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Reforming Education

September 8, 2011

So, I was “Googling” around searching for good education articles to post when I came across this article on Forbes.  The blurb below is part of an article titled: “The Single Best Idea for Reforming K-12 Education: Part 2.  The author describes what is bothering her in education today, read it and see if you don’t totally agree!

As an elementary school teacher, one of the most frustrating aspects of the last ten years of educational policy for me has been riding through the negative consequences of the factory model of education: the switch of focus from people to scores (with accompanying specious rhetoric that ‘it’s all about the children’), the narrowed and over-standardized curriculum which claims to make instructional decisions for me but does it badly, and extensive, time-consuming documentation of my implementation of others’ ideas of what’s best for my students. (Not to mention time-consuming, mandatory “data analysis” of standardized test scores and standardized practice-test scores, district-mandated spreadsheets which tell me more or less the same thing that seeing and listening to the students’ daily work tells me!)

But the most frustrating aspect of the last ten years of education policy has been reading and listening to business leaders and economists who have succeeded in leading the American public to redefine “achievement” as “test scores” and who have convinced our superintendents and administrators that the way to said “achievement” is through scripted, test-targeted curriculum and learning materials. They say this bald-faced, ignoring or not hearing the many teachers who protest that chasing test scores is not the same as building and nurturing a culture of learning, and that generating test scores is only one kind of achievement. The desire to quantify our work has led our leaders straight to the effect you mention in your article, where the quantifier becomes all and distortion of the actual work is the result. [spschoolmarm]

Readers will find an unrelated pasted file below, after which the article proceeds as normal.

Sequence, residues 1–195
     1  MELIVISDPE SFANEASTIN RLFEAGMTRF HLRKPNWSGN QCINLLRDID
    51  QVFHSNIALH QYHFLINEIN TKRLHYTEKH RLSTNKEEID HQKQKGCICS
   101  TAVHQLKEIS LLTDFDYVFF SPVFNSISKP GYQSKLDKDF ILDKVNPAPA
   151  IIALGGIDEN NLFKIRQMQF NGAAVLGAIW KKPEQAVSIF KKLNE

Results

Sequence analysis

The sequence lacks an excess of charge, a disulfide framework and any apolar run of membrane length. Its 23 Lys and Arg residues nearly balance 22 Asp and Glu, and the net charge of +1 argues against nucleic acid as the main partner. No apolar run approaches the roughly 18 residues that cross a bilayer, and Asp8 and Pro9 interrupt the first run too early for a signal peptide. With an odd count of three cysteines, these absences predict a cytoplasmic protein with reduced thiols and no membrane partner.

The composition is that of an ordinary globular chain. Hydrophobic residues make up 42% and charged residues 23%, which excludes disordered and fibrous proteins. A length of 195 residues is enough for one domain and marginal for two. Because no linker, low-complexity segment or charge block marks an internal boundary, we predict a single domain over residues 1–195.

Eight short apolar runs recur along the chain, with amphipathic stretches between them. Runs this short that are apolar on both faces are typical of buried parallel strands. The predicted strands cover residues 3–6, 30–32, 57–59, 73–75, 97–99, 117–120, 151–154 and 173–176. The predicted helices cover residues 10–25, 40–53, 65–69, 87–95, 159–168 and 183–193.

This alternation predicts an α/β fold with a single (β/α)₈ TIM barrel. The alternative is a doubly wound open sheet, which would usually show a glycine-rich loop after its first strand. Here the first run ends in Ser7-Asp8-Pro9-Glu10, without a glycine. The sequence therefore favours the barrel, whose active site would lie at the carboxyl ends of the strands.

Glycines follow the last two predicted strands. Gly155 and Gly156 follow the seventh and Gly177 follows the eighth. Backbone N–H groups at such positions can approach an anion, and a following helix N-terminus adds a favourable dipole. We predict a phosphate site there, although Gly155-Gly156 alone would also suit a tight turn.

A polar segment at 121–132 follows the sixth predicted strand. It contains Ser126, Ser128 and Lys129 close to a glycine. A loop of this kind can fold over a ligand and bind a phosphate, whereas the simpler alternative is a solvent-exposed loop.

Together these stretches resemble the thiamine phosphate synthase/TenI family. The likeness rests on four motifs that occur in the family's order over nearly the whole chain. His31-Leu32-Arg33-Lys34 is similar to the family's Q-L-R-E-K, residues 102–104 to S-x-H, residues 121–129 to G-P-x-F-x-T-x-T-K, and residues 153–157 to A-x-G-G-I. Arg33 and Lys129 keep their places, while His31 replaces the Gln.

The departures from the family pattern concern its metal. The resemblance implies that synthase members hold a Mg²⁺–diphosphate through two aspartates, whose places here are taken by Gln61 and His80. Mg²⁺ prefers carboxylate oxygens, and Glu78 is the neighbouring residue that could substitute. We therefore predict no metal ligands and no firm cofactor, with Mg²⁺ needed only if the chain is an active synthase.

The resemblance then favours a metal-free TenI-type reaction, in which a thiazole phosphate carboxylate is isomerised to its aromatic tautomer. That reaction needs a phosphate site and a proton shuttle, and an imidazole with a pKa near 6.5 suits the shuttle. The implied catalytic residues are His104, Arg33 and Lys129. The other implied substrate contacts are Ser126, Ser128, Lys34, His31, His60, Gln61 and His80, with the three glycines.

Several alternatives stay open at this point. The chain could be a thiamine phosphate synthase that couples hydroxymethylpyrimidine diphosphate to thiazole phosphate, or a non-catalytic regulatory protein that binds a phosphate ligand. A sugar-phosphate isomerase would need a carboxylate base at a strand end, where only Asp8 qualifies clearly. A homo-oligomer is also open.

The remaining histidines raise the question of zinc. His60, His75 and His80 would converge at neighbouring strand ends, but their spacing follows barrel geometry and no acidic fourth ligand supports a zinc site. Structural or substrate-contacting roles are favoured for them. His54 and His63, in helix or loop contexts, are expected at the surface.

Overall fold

Having been at 2 different elementary schools over the past 3 years as both a special education teacher (which I am now) and as a general education teacher (which I was last year) I can tell you that [spschoomarm’s] argument holds water with me.  Our students are reduced to numbers plain and simple.  I have had the good fortune to work with my two latest principals who both do really care about each student, but…and this is a big but…they care about the test scores more than anything else.

Test scores are driven from the top and they funnel all the way down to teachers.  That we measure a student solely by standardized test scores is anathema to all that good inquiry based teaching stands for.  Why won’t those in the halls of Congress listen to the thousands of teachers who continually voice their frustration over this matter?  If you have any ideas, let me know.

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